Woodchuck in Wood

Ten Avid Birders ventured up to Lake Erie in search of birds, any birds.

Woodchuck in WoodThe causeway at Magee yielded a half dozen Sandhill Cranes, calling and feeding in the fields,  and a couple Trumpeter Swans. We searched the Boardwalk and were rewarded with eight different warbler species. Bay-breasted Warblers and Blackpolls predominated, testing our identification skills on “Selected Fall Warblers (with and without streaks and wing bars)” as Peterson now classifies the previously-named “Confusing Fall Warblers.” (Charlie Bombaci is correct in noting the warblers were never confused, it was the birders who were confused.) Ruby-throated Hummingbirds were bulking up on nectar in preparation for the long journey to Panama and Mexico. We were entertained by a young ground hog perched about 15 feet up in a small tree.

DragonflyIt seemed like there were not a lot of birds for such an early morning walk, especially during migration, so we decided to try the estuary trail and found ourselves admiring the dragonflies. The mouth of the river held a few ducks and shorebirds including a Marbled Godwit and Short-billed Dowitcher.

We enjoyed our lunches on this beautiful fall day behind the Ottawa Visitors center. Purists can argue that fall wasn’t official for two more days, but the morning was cool and we noted the leaves on the trees starting to turn red and yellow. Meanwhile, predicted rain never materialized.  We drove the loop of the auto tour due, but it was a relatively quick due to minimal shorebird habitat. The ducks were reappearing, though: we had Northern Pintail, Gadwall, American Wigeon and both Blue- and Green-winged Teal. We enjoyed  a juvenile  Common Gallinule, Pied-billed Grebes, and Double-crested Cormorants (AKA double chocolate corms).

White PelicansA report of 70 American White Pelicans lured us to the East Harbor State Park Beach area.  We were able to observe 50 to 60 pelicans feeding together in a large group with their impressive bills churning up the water searching for food. A Caspian Tern flew by and a Northern Shoveler was just a few feet away from us, as we tried in vain to get an accurate count of the pelicans.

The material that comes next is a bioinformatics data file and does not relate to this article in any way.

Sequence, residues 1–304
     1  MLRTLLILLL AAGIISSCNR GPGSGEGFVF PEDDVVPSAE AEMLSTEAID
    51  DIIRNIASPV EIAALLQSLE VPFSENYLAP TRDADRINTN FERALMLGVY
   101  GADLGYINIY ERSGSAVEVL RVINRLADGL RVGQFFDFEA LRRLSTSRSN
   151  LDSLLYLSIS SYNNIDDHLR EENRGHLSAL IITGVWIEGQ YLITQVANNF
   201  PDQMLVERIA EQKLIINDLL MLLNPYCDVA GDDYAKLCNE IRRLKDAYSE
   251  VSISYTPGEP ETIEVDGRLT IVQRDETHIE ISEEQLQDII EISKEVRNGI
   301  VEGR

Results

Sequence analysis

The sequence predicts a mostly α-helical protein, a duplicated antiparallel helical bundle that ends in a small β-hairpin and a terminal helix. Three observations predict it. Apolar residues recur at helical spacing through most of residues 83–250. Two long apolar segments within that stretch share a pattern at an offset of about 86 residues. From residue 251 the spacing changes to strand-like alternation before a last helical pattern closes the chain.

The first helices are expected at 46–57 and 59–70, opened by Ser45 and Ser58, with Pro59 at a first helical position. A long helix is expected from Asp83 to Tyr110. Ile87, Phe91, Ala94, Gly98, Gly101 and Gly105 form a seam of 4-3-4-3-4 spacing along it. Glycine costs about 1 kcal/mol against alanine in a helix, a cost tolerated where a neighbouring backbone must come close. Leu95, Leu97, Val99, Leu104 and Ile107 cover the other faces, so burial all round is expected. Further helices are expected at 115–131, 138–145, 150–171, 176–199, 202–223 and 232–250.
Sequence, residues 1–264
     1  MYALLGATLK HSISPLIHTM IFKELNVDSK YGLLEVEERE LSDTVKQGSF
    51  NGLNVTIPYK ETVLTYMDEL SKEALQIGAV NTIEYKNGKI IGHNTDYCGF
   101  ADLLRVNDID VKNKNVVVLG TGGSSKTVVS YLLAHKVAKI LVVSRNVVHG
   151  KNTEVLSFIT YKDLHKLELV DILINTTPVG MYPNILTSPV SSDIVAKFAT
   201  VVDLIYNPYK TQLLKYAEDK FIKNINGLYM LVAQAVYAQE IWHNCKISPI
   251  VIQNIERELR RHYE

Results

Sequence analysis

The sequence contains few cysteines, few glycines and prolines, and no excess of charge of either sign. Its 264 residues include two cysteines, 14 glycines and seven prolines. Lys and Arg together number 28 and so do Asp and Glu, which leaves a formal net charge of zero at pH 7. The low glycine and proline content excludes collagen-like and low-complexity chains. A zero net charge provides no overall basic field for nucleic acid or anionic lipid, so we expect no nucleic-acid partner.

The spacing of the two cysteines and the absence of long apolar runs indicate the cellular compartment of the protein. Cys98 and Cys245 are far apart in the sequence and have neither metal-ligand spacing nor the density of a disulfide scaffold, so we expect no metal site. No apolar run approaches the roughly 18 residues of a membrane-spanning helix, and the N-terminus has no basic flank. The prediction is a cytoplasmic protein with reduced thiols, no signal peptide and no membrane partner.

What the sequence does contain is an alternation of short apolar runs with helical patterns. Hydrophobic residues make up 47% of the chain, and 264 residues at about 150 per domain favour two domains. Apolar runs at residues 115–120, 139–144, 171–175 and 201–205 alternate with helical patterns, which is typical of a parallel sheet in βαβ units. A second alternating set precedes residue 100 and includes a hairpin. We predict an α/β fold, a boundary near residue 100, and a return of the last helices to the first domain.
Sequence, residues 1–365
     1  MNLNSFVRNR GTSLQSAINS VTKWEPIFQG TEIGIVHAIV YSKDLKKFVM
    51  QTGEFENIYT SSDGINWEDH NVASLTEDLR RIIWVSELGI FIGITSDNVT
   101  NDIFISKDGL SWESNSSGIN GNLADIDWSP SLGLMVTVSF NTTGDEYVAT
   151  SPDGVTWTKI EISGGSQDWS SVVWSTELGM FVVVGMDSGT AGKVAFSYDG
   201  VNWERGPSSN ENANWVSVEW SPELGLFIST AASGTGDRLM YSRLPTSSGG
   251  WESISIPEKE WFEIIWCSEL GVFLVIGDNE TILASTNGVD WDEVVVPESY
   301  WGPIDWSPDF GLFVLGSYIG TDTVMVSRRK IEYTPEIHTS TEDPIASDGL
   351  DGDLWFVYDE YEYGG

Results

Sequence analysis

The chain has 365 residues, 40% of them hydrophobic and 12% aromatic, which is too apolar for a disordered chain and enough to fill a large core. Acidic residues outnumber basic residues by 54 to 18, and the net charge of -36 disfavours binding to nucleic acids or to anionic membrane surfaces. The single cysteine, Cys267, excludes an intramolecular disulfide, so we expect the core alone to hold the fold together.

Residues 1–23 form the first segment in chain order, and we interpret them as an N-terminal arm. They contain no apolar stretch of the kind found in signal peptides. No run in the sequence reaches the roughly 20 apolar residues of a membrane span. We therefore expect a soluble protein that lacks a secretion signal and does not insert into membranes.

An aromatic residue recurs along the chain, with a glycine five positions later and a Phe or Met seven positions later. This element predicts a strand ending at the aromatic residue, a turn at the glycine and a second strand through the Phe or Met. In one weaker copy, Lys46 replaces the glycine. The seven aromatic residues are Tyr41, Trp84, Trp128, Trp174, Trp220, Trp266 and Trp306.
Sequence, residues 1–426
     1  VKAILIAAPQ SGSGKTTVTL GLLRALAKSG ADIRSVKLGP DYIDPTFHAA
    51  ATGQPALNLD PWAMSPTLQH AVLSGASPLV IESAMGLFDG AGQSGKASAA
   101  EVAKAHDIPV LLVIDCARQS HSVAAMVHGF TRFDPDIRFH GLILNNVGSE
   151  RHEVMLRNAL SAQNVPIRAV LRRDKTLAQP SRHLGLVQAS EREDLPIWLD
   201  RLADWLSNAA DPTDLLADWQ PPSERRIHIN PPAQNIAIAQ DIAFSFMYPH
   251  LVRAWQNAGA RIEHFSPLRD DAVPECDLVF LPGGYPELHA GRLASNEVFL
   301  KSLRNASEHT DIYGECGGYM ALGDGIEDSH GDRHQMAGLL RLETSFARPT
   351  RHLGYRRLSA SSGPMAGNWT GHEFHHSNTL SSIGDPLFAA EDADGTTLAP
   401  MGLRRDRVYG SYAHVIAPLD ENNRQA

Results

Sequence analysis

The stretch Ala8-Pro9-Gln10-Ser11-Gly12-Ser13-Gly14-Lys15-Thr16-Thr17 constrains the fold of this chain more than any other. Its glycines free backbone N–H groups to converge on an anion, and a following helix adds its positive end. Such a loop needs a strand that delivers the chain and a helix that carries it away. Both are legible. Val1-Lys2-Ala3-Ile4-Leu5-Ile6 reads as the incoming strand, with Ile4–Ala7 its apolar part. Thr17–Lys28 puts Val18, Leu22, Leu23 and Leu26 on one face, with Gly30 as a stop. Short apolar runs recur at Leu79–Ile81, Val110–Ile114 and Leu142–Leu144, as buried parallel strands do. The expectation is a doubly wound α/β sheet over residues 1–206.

Our birding day ended with a walk at Sheldon Marsh. The day’s theme of very few birds continued. We saw a few warblers on the forest edges, Northern Flickers, Wood Ducks in the wetland ponds and people on the beach.

We joined 5 other birders who were staying overnight in the area in preparation for Jen Brumfield’s pelagic trip in the morning for dinner at a Mexican restaurant in Huron. Delicious food and fellowship was enjoyed by all. Two birders returned to Columbus and the rest of us retired to the hotel, dreaming about the Sabine’s Gulls and Parasitic and Long-tailed Jaegers we would see in the morning (if we didn’t get seasick).

Although the quantity of birds was low, the variety was good. Our 73 species for the day are listed below. You can see more photos from the trip on Flickr.

Canada Goose
Trumpeter Swan
Wood Duck
American Wigeon
American Black Duck
Blue-winged Teal
Northern Shoveler
Northern Pintail
Green-winged Teal
Pied-billed Grebe
American White Pelican
Double-crested Cormorant
Great Blue Heron
Great Egret
Turkey Vulture
Bald Eagle
Northern Harrier
Cooper’s Hawk
Red-tailed Hawk
Common Moorhen
Sandhill Crane
Spotted Sandpiper
Greater Yellowlegs
Lesser Yellowlegs
Marbled Godwit
Short-billed Dowitcher
Ring-billed Gull
Herring Gull
Caspian Tern
Common Tern
Forster’s Tern
Rock Pigeon
Mourning Dove
Chimney Swift
Ruby-throated Hummingbird
Belted Kingfisher
Red-bellied Woodpecker
Downy Woodpecker
Northern Flicker
Eastern Wood-Pewee
Eastern Phoebe
Empidonax ssp.
Blue-headed Vireo
Red-eyed Vireo
Blue Jay
American Crow
Tree Swallow
Barn Swallow
Black-capped Chickadee
Swainson’s Thrush
American Robin
Gray Catbird
European Starling
Chestnut-sided Warbler
Magnolia Warbler
Black-throated Blue Warbler
Black-throated Green Warbler
Bay-breasted Warbler
Blackpoll Warbler
Black-and-White Warbler
American Redstart
White-throated Sparrow
Northern Cardinal
Rose-breasted Grosbeak
Red-winged Blackbird
Common Grackle
Brown-headed Cowbird
House Finch
American Goldfinch
House Sparrow